George Wallace (comedian)
|Born||July 21, 1947
|Parent(s)||Mary Lou and George Wallace, Sr.|
|Relative(s)||Steve Wallace (nephew)|
Early life and education
||This section of a biography of a living person does not include any references or sources. (February 2013)|
His mother died when he was sixteen, prompting him to move to Ohio where he found a job with Firestone Tire. As part of the company's tuition reimbursement program, Wallace enrolled in the University of Akron, in Akron, Ohio, where he studied transportation, marketing and advertising.
Upon graduation, Wallace moved to New York City in pursuit of his childhood dream of being a comedian. At first, success in comedy proved elusive and Wallace worked as a salesman for an advertising agency to pay the bills.
Wallace's break came when one of his clients opened a comedy club. The club owner was amused by Wallace's natural humor and friendly demeanor and offered him the chance to perform stand-up comedy. In 1977, Wallace walked on stage for the first time, wearing a preacher's robe and calling himself The Right Reverend Dr. George Wallace. His routine was completely improvised, yet it included the same imagery and delivery of the spiritual leaders who had influenced him as a child. Wallace was a hit.
In 1978, Wallace moved to the West Coast, where he quickly became recognized as a talented young comedian. After one of his performances, producers from The Redd Foxx Show asked him to write for the popular series.[clarification needed]
However, after only one year of writing, Wallace returned to the stage. He became a regular at The Comedy Store in West Hollywood, California, which also featured artists including Richard Pryor, Rodney Dangerfield, Roseanne Barr, Jay Leno and Robin Williams. Wallace also took his comedy show on the road, opening for George Benson, Diana Ross, Donna Summer and Smokey Robinson, among others.
Wallace, who was named the Best Male Standup Comedian during the 1995 American Comedy Awards, says that his routines are inspired by everyday moments of life. His unique brand of social commentary proved popular with radio audiences as well. Wallace was a regular on the Tom Joyner Morning Show before joining the Isaac Hayes on a popular radio program on the former WRKS radio station in New York City. He also starred in his own HBO special and has appeared on many television shows, including The Tonight Show, The Oprah Winfrey Show and Late Night with David Letterman.
Among his more memorable jokes was the suggestion that African-Americans should not have to pay Social Security because their average lifespan was only 65 anyway. His best-known bit is "People Say Stupid Things," in which he points out the folly of many popularly used phrases. For example, in response to the term "untimely death," he asks "When is a GOOD time to die?" He follows this question with, "I wanna hear something on the news like, "Senator Jesse Helms died today, and it's about doggone time!!!" Wallace also pokes fun at himself for having the same name as George Wallace (1919–1998), a politician who served as Alabama Governor (1963–1967, 1971–1979 and 1983–1987) and a noted segregationist.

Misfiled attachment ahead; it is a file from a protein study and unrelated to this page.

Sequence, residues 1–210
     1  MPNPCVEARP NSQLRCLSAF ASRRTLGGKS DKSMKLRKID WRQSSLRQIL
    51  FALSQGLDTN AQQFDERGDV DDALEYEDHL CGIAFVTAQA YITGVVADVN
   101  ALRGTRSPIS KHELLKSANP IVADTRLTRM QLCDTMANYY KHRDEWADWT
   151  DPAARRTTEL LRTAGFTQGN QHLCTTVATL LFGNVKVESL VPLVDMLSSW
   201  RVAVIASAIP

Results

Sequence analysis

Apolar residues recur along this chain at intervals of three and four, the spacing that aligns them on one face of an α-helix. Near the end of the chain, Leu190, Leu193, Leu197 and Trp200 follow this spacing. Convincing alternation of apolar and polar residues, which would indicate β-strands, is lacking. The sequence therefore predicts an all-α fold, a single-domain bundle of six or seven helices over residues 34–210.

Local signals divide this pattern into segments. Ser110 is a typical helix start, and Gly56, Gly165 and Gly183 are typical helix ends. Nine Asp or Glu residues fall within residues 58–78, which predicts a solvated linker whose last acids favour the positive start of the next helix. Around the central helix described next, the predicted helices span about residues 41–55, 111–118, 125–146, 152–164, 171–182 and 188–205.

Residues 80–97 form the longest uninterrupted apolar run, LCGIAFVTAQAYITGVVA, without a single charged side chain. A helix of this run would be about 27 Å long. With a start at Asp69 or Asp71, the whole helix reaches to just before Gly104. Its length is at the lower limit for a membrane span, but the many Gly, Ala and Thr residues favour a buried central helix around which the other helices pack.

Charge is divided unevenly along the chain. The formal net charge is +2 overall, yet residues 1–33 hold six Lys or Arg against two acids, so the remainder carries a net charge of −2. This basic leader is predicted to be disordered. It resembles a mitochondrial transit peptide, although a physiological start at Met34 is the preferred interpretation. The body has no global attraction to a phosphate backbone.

George Wallace ended his 10 year run at the Flamingo Las Vegas on April 26, 2014 to get back out on the road and tour around the world.
Wallace has had political ambitions; in 2006, he considered running for mayor of the city of Las Vegas, Nevada. Wallace stated that as mayor, he would update the Las Vegas Strip, with an easy-to-use monorail, close the strip to vehicles, and expand the road system behind the Strip hotels.
George Wallace's famous catchphrase, "I love you and there's absolutely nothing you can do about it.", is a registered trademark.
On May 3, 2006, Wallace performed his most famous stand-up bit, which was a diatribe against the young generation's obsession with allowances. While Wallace often jokes about the flippancy of modern youth culture (often citing the "dumb dumbs on their smart phones") this one joke in particular resonated with his audience, and he repeats it at every show. The joke varies night to night, but follows the lines, "Allowance? I'll allowance you a roof over your head! I'll allowance you three square meals a day! Get your mess right!" It is largely considered to be the joke that has defined his career ever since.
Wallace has had supporting roles in a number of films, including the Coen Brothers film The Ladykillers (2004, as Sheriff Wyner). Wallace also appeared in Batman Forever (1995) as the Mayor of Gotham City. Other film credits include A Rage in Harlem (1991), The Wash (2001), Punchline (1988), Things Are Tough All Over (1982) and Postcards from the Edge (1990). He also made a brief appearance in the sitcom Scrubs episode "My Long Goodbye" (2007), and in the sitcom Seinfeld episode "The Checks", where he played the doctor that was distracted by the song "Witchy Woman". His most recent role was a dealer in the 2014 film Think Like A Man Too.
- List of African-American actors
- List of people from Atlanta
- List of people from Las Vegas
- List of people from New York City
- List of stand-up comedians
- List of University of Akron people
- “The New Mr. Las Vegas.”. George Wallace (2014-06-20). Retrieved on 2015-08-01.
- Walkow, Brett. "Part 1 – Interview with comedian George Wallace". Actors Reporter. Retrieved 1 March 2013.
- Wallace, George (23 August 2006). The Roe Conn Show. Interview with Roe Conn. WLS (AM).
- George Wallace at the Internet Movie Database
- George Wallace Has His Mess Right |. Affotd.com (2014-08-15). Retrieved on 2015-08-01.